https://doi.org/10.7554/eLife.83444.sa2

Article and author information

Author details

  1. Dennis May

    Department of Genetics, Yale University School of Medicine, New Haven, United States
    Contribution
    Conceptualization, Data curation, Formal analysis, Supervision, Validation, Investigation, Visualization, Methodology, Writing – original draft, Project administration, Writing – review and editing
    Contributed equally with
    Sangwon Yun
    Competing interests
    No competing interests declared
    ORCID icon "This ORCID iD identifies the author of this article:" 0000-0001-7656-4900
  2. Sangwon Yun

    Department of Genetics, Yale University School of Medicine, New Haven, United States
    Contribution
    Conceptualization, Formal analysis, Validation, Investigation, Visualization, Methodology, Writing – original draft, Writing – review and editing
    Contributed equally with
    Dennis May
    Competing interests
    No competing interests declared
    ORCID icon "This ORCID iD identifies the author of this article:" 0000-0002-1156-8094
  3. David G Gonzalez

    Department of Genetics, Yale University School of Medicine, New Haven, United States
    Contribution
    Conceptualization, Software, Formal analysis, Validation, Visualization, Methodology
    Competing interests
    No competing interests declared
  4. Sangbum Park

    1. Department of Genetics, Yale University School of Medicine, New Haven, United States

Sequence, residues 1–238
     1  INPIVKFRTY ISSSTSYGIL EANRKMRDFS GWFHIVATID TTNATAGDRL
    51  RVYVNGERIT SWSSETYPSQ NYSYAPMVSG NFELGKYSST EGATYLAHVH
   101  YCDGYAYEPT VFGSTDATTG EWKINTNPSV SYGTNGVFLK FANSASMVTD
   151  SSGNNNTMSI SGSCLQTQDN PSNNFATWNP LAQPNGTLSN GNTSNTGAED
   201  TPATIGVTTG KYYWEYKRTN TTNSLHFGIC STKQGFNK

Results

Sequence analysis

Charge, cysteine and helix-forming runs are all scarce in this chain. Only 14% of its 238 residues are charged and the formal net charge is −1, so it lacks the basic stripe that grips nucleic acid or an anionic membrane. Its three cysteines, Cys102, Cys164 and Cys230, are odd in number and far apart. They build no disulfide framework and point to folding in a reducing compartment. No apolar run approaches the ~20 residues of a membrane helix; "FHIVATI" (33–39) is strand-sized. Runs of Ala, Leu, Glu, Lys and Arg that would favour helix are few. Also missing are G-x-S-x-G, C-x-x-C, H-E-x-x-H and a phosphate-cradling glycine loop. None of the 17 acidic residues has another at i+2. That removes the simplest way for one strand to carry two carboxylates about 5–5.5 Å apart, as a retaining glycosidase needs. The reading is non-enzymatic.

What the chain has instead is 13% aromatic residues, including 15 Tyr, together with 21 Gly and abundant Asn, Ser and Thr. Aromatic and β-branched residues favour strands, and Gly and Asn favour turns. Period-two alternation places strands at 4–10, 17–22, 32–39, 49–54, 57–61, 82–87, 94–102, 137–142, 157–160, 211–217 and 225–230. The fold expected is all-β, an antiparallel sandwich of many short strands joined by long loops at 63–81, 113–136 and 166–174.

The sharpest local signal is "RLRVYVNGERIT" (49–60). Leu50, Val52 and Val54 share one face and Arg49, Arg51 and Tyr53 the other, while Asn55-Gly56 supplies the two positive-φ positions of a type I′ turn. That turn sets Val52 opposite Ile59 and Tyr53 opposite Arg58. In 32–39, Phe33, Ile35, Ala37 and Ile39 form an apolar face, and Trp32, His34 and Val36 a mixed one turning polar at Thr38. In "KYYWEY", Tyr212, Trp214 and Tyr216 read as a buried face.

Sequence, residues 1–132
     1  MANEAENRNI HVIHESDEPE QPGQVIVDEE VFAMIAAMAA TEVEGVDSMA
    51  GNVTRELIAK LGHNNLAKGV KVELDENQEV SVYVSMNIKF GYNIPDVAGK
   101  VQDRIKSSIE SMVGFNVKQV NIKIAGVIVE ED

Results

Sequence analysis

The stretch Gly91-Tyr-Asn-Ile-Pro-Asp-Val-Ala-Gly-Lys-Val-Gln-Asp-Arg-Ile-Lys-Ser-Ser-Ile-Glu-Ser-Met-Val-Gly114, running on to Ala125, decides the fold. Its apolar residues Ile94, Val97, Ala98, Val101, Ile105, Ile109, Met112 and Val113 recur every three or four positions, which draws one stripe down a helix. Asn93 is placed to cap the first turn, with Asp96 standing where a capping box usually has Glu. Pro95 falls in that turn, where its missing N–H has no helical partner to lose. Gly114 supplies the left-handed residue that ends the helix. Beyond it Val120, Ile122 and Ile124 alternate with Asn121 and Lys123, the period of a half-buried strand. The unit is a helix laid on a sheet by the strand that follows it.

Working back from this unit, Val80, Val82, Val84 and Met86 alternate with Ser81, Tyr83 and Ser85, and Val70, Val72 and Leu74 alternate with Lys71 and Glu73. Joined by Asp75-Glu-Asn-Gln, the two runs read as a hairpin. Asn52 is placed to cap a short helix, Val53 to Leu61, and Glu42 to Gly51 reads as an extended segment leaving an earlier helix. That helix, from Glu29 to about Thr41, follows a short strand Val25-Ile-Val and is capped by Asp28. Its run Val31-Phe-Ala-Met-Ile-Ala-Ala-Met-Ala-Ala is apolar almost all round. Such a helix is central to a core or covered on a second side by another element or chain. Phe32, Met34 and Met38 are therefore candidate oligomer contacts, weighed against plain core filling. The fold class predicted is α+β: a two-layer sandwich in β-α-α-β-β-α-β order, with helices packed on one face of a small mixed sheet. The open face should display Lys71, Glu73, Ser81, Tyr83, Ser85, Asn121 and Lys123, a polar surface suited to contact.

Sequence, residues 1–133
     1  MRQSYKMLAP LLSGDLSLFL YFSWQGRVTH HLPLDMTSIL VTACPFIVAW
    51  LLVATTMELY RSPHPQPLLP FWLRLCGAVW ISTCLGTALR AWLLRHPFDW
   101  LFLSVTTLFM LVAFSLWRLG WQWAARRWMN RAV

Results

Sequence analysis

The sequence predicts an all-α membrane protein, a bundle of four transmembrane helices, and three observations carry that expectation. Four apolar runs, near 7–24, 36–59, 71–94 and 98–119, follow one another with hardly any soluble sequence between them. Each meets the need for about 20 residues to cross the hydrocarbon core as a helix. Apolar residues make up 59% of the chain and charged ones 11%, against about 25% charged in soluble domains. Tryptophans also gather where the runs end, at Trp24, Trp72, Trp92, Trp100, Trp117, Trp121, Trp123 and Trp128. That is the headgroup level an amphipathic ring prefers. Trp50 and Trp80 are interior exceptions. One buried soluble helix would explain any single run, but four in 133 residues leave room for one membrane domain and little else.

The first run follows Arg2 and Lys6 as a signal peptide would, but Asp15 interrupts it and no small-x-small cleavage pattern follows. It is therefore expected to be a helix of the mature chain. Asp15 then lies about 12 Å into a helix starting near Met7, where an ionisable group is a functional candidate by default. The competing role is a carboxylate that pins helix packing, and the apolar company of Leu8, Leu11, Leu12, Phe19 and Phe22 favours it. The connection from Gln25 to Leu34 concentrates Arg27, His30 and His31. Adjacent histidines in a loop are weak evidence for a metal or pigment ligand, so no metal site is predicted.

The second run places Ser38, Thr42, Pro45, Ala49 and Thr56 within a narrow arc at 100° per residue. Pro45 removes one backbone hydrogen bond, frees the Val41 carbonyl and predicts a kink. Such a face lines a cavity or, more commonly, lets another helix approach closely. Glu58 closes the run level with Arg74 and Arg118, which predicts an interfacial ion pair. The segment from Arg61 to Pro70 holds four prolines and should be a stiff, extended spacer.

2. Institute for Quantitative Health Science & Engineering (IQ), Michigan State University, East Lansing, United States
    3. Division of Dermatology, Department of Medicine, College of Human Medicine, Michigan State University, East Lansing, United States
    4. Department of Pharmacology and Toxicology, College of Human Medicine, Michigan State University, East Lansing, United States
    Contribution
    Conceptualization, Investigation
    Competing interests
    No competing interests declared
  5. Yanbo Chen

    Department of Genetics, Yale University School of Medicine, New Haven, United States
    Contribution
    Software, Formal analysis, Investigation, Visualization, Methodology
    Competing interests
    No competing interests declared
  6. Elizabeth Lathrop

    Department of Genetics, Yale University School of Medicine, New Haven, United States
    Contribution
    Formal analysis
    Competing interests
    No competing interests declared
  7. Biao Cai

    Department of Biostatistics, Yale University School of Public Health, New Haven, United States
    Contribution
    Software, Formal analysis
    Competing interests
    No competing interests declared
  8. Tianchi Xin

    Department of Genetics, Yale University School of Medicine, New Haven, United States
    Contribution
    Resources, Writing – review and editing
    Competing interests
    No competing interests declared
  9. Hongyu Zhao

    1. Department of Genetics, Yale University School of Medicine, New Haven, United States
    2. Department of Biostatistics, Yale University School of Public Health, New Haven, United States
    Contribution
    Software, Formal analysis
    Competing interests
    No competing interests declared
  10. Siyuan Wang

    1. Department of Genetics, Yale University School of Medicine, New Haven, United States
    2. Deparment of Cell Biology, Yale University School of Medicine, New Haven, United States
    Contribution
    Conceptualization, Supervision, Writing – review and editing
    Competing interests
    No competing interests declared